Middle School

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Teacher Talkback: Are misbehavers making your child’s learning environment stressful?

This issue’s Teacher Talk Back column is in response to an email from a reader expressing concern about the out-of-control state of her son’s classroom. With students constantly disrupting with bad behaviour, the stress level was reaching a fever pitch. Very little learning was getting done. Predictably, her child was losing his enthusiasm for school. Our anonymous columnist, an educator for 30 years, weighs in.
All teachers have students who misbehave and who don’t or won’t conform to behavioural expectations. Some of this behaviour results from special learning needs and trauma while others are rooted in lack of motivation or apathy. What is a teacher to do?
In Texas, some school districts have elected a tough-love approach in which misbehaving students are ticketed by police and mom and dad get their day in court to pay fines for misdemeanour charges like swearing and acting out. 
Canadians are not likely to adopt these Draconian measures! Nevertheless, we face the same problems. The makeup of students and their needs change from classroom to classroom. Community, cultural, academic, social and economic variations are common. Some student needs are diagnosed – others are not. Let’s face it, most children will, from time to time, violate a rule for one of three reasons: not knowing, not remembering, or not caring.
While ticketing students for misbehaviour seems extreme, teachers feel huge pressure to get more time for students to learn.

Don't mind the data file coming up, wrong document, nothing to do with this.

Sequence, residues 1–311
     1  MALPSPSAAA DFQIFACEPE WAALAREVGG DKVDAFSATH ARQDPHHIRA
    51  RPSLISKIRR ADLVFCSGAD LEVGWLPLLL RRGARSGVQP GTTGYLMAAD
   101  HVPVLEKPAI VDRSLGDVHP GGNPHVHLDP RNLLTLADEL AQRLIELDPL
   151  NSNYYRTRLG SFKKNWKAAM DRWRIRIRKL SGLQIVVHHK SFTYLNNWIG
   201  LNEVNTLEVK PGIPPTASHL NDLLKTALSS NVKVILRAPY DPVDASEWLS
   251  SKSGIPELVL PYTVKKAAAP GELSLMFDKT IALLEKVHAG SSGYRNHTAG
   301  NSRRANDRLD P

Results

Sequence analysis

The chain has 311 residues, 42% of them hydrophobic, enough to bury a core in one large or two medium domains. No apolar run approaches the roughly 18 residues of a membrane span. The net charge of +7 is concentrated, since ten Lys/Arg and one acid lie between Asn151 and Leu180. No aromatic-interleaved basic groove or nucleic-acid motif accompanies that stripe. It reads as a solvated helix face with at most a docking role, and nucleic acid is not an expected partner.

The role of the teacher

Part of a teacher’s job is to consider his or her own attitudes about how to run a classroom, or their growth will stifle. September starts with establishing classroom routines and expectations. If a teacher sets up a democratic, positive, rewards based classroom, most students, even those with special needs, will buy in. Complications occur when one teacher can ‘handle’ a class while another one cannot.
This quickly becomes obvious for students on a rotary-based schedule or classrooms with two half-time teachers. Teachers try to make the best use of the physical space as well as support staff. If a child, for instance, needs to be seated away from distraction, then the teacher makes that change. Educational assistants
and child and youth workers can also help a teacher be an effective classroom manager.
Teachers need support. Those who are lacking in experience and skills can ask their principals for additional training and resources. Teachers with poor management strategies need to pull their heads out of the sand and holler. To ignore the problem results in a class of bullies and victims. When problems can’t be resolved by the teacher, it’s time for a staff meeting to see what can be done. Finally, good classroom management requires making parents aware of the recurrring problems.

The role of the parent

Even the best managed classrooms can still have non-compliant students who can negatively impact classmates. If your child is often upset by a negative learning culture in the classroom, here’s what you can do.
• Listen to your child’s concerns and let your child know that those feelings are normal.
• Determine whether your child is doing anything to instigate any of the classroom issues.
• Provide some strategies for your child to self-calm.
• Review the school’s code of conduct expectations.
• Remember that any conversation with the school personnel always begins with the teacher. This is not to suggest that you become a rescuer or helicopter parent. Bring awareness of the impact on the child but also attempt to advance a planned, team approach. The principal may be your next step if changes in the classroom do not occur.

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